Captain Marvel : Review
Captain Marvel isn’t merely a superhero origin story; it’s the story of women past, present, and future. From being put into control systems in early life to being told they’ll never be able to do certain things because of their gender, women have had to struggle to gain the ready acceptance their male counterparts enjoy. As an ode to the women who have fought and are still fighting this battle, and to deconstruct the notion of females being the “fairer” or “weaker” sex, Captain Marvel has come to kick your ass.
Before you get worried, this film doesn’t go all-in with any kind of “men bad, women good” sentiment – on the contrary. Heroes and villains are defined by intent regardless of gender, an inclusive move by directors and co-writers Anna Boden and Ryan Fleck (Geneva Robertson-Dworet is the other credited screenwriter) which provides the film’s thrust and mystique. Are we to trust our eyes and believe what we see, that our seemingly-benevolent colleagues have our best interests at heart, or do we dig deeper for the truth, no matter how world-changing this truth might be?
In addition to this theme, Captain Marvel is a film of evolution. The film’s linchpin sequence sees Carol Danvers getting up from defeat, only to face it head-on as a child (London Fuller), a teen (Mckenna Grace), and as the adult (Brie Larson) she has become. It may be only ten or fifteen seconds out of 124 minutes, but it’s one of the most fist-raising, inspiring, and powerful sequences in the Marvel Cinematic Universe’s history, the culmination of her past and present finally crashing together to finish her transformation into Captain Marvel.
The film doesn’t need to be action-packed to make its statement; there are action sequences, but that’s not the point of the film. It’s evident in the final battle, where Carol’s foes may have been established early on, but only become body-fodder being slammed into walls and floors. The true fight isn’t external; it’s in finding her sense of self and her place in the universe, lost six years before the film’s first scene and hinted at in flashbacks throughout. She may look human, but at the film’s beginning, she’s a blue-blooded Kree soldier, seemingly born as an adult into this world of fire and conflict.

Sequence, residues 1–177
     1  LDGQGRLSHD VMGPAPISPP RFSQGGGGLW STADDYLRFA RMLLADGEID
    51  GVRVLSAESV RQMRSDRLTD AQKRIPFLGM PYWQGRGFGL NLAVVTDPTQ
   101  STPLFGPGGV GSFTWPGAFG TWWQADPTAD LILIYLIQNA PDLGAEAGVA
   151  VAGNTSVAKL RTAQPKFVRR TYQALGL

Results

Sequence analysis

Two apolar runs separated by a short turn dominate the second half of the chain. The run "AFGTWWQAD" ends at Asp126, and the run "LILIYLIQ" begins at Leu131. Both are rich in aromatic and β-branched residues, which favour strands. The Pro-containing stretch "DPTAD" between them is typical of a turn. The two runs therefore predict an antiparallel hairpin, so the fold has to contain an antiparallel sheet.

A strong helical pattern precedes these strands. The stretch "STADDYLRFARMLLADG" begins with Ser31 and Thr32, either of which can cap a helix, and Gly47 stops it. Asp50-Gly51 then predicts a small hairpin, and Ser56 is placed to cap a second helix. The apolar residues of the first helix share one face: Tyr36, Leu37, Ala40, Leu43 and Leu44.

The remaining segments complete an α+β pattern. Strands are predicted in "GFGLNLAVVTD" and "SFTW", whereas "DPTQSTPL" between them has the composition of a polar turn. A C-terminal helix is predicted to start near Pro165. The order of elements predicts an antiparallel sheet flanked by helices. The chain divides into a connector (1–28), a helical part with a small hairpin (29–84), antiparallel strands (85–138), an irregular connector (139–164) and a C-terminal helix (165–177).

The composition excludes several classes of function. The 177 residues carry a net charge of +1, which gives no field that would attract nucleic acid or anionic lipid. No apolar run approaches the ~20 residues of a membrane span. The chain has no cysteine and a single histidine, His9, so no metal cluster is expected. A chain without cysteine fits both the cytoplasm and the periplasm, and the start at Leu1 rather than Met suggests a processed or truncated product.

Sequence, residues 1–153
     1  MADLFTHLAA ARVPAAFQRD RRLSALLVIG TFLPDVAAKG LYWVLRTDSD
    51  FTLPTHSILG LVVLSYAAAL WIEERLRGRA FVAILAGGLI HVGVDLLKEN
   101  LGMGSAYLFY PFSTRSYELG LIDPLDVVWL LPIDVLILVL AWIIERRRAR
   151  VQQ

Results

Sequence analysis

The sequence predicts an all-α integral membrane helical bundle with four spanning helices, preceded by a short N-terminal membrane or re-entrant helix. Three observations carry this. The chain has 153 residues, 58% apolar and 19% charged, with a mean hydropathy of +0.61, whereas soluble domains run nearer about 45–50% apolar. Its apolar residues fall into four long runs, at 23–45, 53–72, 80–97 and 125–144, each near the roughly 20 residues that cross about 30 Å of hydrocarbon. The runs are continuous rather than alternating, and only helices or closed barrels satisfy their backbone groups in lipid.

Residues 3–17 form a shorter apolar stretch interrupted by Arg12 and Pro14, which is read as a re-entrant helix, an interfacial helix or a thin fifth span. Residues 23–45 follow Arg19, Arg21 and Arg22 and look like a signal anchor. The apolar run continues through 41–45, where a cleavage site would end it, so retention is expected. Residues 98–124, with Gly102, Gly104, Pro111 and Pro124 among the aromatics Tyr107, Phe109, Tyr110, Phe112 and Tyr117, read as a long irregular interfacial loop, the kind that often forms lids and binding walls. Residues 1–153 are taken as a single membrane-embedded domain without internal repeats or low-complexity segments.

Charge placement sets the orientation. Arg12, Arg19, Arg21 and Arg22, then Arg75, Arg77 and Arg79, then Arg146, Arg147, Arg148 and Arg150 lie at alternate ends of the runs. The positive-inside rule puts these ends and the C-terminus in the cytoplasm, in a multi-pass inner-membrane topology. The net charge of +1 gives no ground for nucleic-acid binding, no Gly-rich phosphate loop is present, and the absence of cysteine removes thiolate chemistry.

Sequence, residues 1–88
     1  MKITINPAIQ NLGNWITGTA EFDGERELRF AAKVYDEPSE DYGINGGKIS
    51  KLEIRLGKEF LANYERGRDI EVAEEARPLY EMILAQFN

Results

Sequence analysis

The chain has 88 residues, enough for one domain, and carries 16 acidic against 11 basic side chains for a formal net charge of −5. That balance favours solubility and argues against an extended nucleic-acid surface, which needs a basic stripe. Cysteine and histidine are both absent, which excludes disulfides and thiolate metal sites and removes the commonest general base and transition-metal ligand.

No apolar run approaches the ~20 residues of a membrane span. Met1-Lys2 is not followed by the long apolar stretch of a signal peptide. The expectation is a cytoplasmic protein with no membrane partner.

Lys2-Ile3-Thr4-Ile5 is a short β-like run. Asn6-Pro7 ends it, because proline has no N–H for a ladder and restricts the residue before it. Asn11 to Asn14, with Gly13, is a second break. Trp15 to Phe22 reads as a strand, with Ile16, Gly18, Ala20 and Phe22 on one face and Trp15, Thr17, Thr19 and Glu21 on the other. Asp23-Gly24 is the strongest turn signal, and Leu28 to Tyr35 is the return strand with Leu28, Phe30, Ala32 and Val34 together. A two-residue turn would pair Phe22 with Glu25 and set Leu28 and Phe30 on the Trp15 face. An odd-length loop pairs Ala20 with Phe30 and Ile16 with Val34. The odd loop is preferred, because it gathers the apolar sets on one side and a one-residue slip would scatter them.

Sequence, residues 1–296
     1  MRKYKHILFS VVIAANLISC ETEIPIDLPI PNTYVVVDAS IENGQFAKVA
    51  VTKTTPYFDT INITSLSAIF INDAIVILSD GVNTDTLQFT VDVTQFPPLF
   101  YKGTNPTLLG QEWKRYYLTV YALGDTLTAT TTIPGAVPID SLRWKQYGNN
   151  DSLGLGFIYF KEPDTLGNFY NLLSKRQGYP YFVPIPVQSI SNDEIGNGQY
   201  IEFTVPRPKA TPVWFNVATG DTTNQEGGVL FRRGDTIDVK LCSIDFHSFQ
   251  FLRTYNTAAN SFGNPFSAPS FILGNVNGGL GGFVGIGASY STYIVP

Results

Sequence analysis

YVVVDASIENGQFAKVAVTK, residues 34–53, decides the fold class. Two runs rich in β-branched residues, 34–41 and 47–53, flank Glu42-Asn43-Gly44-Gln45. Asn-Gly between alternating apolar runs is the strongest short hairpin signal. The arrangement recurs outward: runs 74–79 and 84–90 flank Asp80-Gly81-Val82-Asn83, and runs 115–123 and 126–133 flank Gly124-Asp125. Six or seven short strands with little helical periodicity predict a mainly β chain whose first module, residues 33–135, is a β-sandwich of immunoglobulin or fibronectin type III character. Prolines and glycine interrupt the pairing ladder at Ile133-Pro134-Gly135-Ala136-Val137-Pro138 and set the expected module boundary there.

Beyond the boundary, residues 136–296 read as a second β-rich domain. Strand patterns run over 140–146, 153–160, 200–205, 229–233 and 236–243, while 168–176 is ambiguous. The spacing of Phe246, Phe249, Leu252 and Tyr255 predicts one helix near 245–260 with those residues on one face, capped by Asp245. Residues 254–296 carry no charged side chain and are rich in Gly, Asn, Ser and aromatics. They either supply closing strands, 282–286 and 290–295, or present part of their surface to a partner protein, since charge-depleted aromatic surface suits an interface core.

When we first encounter Carol – or Vers (pronounced “Veers”), as her fellow Kree warriors call her – she’s waking up from a recurring dream where she witnesses a human (Annette Bening) being shot by a Skrull, longtime enemy of the Kree. It’s a literal wake-up which starts the entire film’s metaphorical awakening of self and purpose. Likewise, when we first encounter Nicholas Joseph Fury (Samuel L. Jackson), he’s far from the one-eyed menace we’ve known for the last 11 years; he’s jovial and guardedly innocent, and he has a serious love for cats.
An alien who’s literally crashed to 1995 Earth and an agent of S.H.I.E.L.D. (weird, how they call themselves that when in 2008’s Iron Man, they were still going by their longform title) wind up leaning on each other to find the truth about Carol and the life she sees in her dreams. There’s no one they can trust except themselves, and even that’s a tenuous trust at best – while investigating, he calls in the cavalry, a member of which has already been duplicated by a shapeshifting Skrull. This slight betrayal notwithstanding, these two form our dynamic duo as they venture further into Carol’s past to find out exactly what the Skrull want and what her commander Yon-Rogg (Jude Law) would kill to protect.
From the film’s beginning, we see Carol as the unstoppable object, willing to do what it takes to get the job done, even forgoing cautions given by Yon-Rogg and the Kree Supreme Intelligence. She is unbound by false senses of control, even though she is loyal to the chain of command; her only concern is that the right thing must be done. Brie Larson plays her with an indomitable spirit and an earned confidence which are only split asunder when faced with her past and what she’s forgotten. She moves deftly between her emotions and when her raw talent takes over, carving Carol into a formidable adversary, the likes of which you wouldn’t want hounding you down.
Anna Boden and Ryan Fleck go more for the heart and the head than the fists with Captain Marvel, giving the story and emotions more weight than the action sequences included. That’s not to say the fights aren’t meaningful; they’re treated as figurative obstacles on Carol’s journey toward her final truth. One scene between Carol and an opponent sums it up nicely, with the aggressor demanding she fight and prove herself. Instead of the knock-down slamfest they’re building up, we’re dashed off with a simple action and the line which defines this movie: “I don’t need to prove anything to you.” With Captain Marvel – the MCU’s first female-centric film in its 11 years – Boden and Fleck have leveled the playing field, breaking Carol Danvers into the boys’ club with guts and bravery to spare.
MPAA Rating: PG-13 for sequences of sci-fi violence and action, and brief suggestive language.
Get there early to see Marvel’s opening logo.
Contains mid- and post-credits scenes.
Running time: 124 minutes.
Released by Marvel Studios and Walt Disney Motion Pictures.